Editor’s Note: To help readers prepare spiritually for Christmas, CFN will be offering periodic meditations during Advent from Divine Intimacy, a classic volume by a Carmelite priest and master of the interior life, Fr. Gabriel of St. Mary Magdalen (1893-1953). Each meditation is numbered as it appears in the book, according to its place in the liturgical year. Hence, the following meditation is found in the First Week of Advent (Day 2 of the liturgical year). May these spiritually rich texts be an effective aid for preparing our minds and hearts to receive Our Lord anew at Christmas.
2. Invitation to Sanctity
By Fr. Gabriel of St. Mary Magdalen, O.C.D.
1. “Where sin abounded, grace did more abound” (Rom. 5:20). Adam’s fall brought about the destruction of God’s plan for man’s sanctification. Our first parents, created to the image and likeness of God, in a state of grace and justice, and raised to the dignity of children of God, were hurled into an abyss of misery, drawing with them the whole human race. For centuries man groaned in his sin, he could no longer call God by the sweet name of Father, he did not even dare to pronounce His Name, regarding the Most High with a sense of terror: “He is a powerful and terrible God, the God of justice and vengeance.” Sin made an insurmountable abyss between man and God, and man groaned in the depths of the abyss, utterly incapable of rising from it.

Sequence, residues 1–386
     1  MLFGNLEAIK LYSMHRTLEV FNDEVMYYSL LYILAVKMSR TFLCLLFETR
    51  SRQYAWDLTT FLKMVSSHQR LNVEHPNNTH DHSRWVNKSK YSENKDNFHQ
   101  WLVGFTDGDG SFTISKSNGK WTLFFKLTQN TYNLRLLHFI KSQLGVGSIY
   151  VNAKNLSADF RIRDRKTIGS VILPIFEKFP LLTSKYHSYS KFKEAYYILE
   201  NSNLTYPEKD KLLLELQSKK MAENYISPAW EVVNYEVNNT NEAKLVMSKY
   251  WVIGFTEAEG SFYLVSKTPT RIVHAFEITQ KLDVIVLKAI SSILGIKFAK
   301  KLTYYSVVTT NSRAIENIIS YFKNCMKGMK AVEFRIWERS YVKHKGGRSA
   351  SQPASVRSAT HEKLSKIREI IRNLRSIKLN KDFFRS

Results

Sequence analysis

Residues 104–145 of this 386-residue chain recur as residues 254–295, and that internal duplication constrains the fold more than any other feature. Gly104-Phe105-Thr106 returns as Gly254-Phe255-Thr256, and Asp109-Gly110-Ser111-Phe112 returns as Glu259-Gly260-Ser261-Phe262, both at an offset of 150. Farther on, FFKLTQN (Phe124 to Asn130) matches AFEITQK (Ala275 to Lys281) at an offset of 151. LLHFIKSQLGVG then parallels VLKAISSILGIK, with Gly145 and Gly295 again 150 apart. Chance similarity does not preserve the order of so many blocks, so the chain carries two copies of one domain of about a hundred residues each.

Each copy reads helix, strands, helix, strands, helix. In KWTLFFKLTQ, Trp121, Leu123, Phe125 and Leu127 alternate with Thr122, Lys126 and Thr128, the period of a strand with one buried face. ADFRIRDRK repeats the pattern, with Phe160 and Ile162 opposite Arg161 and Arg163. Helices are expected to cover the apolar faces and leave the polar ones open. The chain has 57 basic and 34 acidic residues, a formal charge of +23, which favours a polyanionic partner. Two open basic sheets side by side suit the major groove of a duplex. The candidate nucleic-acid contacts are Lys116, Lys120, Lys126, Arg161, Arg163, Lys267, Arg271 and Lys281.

To do what man could not do, to destroy sin and restore divine sonship to the human race, a Savior was promised. The most merciful God “so loved the world, as to give His only-begotten Son” (John 3:16) for its salvation. The Word, the splendor of the Father, and the figure of His substance [cf. Heb. 1:3], became flesh in order to destroy sin and restore grace to us, that “we might once again be called, and really be the children of God” (cf. 1 John 3:1).
God wants us “all to be saved” [cf. 1 Tim. 2:4]; for this reason He gave us His Son, and with Him and through Him, all the means necessary for our salvation. Therefore, if a soul is not saved, it alone will be responsible.
2. Jesus was not satisfied with destroying sin and meriting only a sufficient amount of grace for our salvation. He did much more and He Himself declared it: “I am come that they may have life, and may have it more abundantly” (John 10:10). This plentitude of life is the plentitude of grace, the supernatural life which causes sanctity to blossom.
Sanctity is not reserved for a few; Jesus, by His Incarnation and by His death on the Cross, merited the means of salvation and sanctification for all who believe in Him. He, the All-holy, came to sanctify us, and has taught us, “Be you therefore perfect, as also Your heavenly Father is perfect” (Matt. 5:48).
Jesus did not give this precept to a chosen group of persons, nor did He reserve it for His Apostles and close friends; He proclaimed it to multitude who were following Him. St. Paul received His message and announced it to the Gentiles: “This is the will of God, your sanctification” (1 Thess. 4:3). And in our own times the Church, speaking through the great Pope Pius XI, has repeated it strongly and on many occasions to the modern world: “Christ has called the whole human race to the lofty heights of sanctity. … There are some who say that sanctity is not everyone’s vocation; on the contrary, it is everyone’s vocation, and all are called to it. … Jesus Christ has given Himself as an example for all to imitate.” And elsewhere: “Let no one believe that sanctity belongs to a few chosen people, while the rest of humanity can limit itself to a lesser degree of virtue. Everyone is included in this law; no one is exempt from it.” Jesus comes not only to save me, but to sanctify me. He is calling me to sanctity and has merited for me all the graces I need to attain it.
Text taken from Divine Intimacy (Baronius Press, 2015), pp. 5-7.